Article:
2012 Nissan Versa sedan launch, New York Auto Show, April 2011
If you've been paying any attention at all, you'll see new-car ads touting the magical "40 mpg highway" number in big print.
You'll see a whole lot of car ads, in fact, for vehicles that include the 2011 Ford Fiesta SFE, 2011 Chevrolet Cruze Eco (with six-speed manual), 2011 Hyundai Elantra (all versions)--and, soon, the 2012 Hyundai Accent that was just launched at the New York Auto Show.
Another 40-mpg entry will be the HF version of the 2012 Honda Civic, that model's highest-mileage non-hybrid gasoline vehicle. And none of them are hybrids either.
2011 Chevy Cruze Eco and 2011 Hyundai Elantra during road tests (video frame capture)
Hyundai has been hammering its 40-mpg highway gas mileage ratings on multiple models--four of them by 2012, including the upcoming Veloster coupe--and challenging other carmakers to report sales of their "special models" that get the same rating.
One new entry from the New York show that doesn't get 40 mpg on the highway is the 2012 Nissan Versa sedan. The company projects EPA ratings of 30 mpg city, 37 mpg highway, for a combined rating of 33 mpg in the model with a continuously variable transmission (CVT).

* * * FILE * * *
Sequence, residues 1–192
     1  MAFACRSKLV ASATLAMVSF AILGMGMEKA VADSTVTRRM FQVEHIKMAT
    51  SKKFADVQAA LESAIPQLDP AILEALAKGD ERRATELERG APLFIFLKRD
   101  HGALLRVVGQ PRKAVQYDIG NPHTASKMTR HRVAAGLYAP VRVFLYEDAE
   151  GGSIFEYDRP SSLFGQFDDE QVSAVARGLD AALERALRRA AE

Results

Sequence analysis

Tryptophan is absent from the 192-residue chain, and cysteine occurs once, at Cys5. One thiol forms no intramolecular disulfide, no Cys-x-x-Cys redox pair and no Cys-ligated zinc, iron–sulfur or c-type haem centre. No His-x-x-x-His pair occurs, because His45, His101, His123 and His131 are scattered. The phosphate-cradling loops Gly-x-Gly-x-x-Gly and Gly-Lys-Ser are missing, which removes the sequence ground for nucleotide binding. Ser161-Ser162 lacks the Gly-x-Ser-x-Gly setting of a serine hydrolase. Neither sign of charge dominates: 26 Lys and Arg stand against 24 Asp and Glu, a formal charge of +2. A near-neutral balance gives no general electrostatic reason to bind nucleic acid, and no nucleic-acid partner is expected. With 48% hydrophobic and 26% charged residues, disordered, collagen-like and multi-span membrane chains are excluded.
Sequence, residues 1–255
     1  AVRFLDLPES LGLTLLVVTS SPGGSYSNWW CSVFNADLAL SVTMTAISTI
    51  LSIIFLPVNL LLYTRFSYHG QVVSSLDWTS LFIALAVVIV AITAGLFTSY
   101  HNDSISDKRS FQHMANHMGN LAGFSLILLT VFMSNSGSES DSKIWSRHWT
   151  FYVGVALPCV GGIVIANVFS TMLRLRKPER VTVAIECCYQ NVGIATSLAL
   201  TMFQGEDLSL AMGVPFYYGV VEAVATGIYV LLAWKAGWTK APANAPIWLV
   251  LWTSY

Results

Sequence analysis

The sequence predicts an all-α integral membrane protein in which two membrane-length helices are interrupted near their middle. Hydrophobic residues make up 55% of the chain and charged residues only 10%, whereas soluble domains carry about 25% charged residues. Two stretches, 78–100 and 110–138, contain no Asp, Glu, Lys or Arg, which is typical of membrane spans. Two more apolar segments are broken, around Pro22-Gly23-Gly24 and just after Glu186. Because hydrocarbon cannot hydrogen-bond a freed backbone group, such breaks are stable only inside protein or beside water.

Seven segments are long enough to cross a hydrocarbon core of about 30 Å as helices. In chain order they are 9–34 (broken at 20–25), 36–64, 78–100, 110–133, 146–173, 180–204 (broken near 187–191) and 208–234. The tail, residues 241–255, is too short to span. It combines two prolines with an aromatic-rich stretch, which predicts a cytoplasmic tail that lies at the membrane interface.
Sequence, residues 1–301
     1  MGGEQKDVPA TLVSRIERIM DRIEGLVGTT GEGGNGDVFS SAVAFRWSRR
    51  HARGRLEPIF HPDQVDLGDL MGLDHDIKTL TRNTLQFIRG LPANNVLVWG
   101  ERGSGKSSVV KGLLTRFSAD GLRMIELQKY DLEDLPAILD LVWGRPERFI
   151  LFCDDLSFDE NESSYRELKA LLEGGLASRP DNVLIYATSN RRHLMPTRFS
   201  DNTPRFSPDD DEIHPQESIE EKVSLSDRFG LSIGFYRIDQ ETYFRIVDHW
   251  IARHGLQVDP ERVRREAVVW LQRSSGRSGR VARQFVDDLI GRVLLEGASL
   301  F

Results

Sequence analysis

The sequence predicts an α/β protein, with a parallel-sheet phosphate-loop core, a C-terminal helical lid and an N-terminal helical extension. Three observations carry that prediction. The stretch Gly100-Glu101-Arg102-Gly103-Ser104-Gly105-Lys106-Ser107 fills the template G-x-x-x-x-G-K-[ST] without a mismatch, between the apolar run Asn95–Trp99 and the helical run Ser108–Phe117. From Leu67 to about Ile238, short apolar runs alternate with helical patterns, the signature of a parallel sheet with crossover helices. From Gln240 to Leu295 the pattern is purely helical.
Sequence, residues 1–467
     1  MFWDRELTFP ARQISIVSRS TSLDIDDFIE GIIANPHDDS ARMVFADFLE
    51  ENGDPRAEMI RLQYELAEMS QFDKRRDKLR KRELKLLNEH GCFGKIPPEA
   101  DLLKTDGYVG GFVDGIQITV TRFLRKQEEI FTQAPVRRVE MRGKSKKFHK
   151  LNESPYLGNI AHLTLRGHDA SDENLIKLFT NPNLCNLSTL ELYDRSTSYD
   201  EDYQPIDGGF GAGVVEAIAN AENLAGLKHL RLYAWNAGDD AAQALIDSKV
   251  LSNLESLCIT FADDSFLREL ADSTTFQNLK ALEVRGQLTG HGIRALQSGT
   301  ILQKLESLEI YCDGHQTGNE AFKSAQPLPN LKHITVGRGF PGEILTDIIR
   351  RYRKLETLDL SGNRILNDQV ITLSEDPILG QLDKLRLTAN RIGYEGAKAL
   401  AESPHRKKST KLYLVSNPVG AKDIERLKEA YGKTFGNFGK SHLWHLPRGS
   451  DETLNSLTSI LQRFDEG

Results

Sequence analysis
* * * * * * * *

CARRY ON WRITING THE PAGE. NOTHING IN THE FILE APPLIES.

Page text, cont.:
The five-speed manual gearbox bumps those numbers down to 27 city, 36 highway, 30 mpg combined.
We asked David Reuter, Nissan North America's vice president of communications, about missing the magic 40-mpg mark and whether he felt it would put the 2012 Versa at a disadvantage.
2012 Honda Civic
Not surprisingly, he said no.
Customers are more interested, he said, in the EPA combined rating than in highway mileage. "Maybe we could have gotten to that number," he said, "but we think buyers are better served by avoiding the compromises it would have required," including such alternatives as low-rolling-resistance tires, higher final gearing, and other tweaks.
The 2012 Versa's combined rating, it turns out, is exactly the same 33 mpg as the combined number for both the 2011 Elantra and the 2011 Cruze Eco manual.
So this is where we poll our faithful readers (that's you): Is Hyundai's 40-mpg focus a marketing gimmick, or could it sway your buying decision?
In the end, do you care about the highway mileage rating, especially if it's at a nice round number like 40 mpg, or is the combined rating more important?
Leave us your thoughts in the Comments below.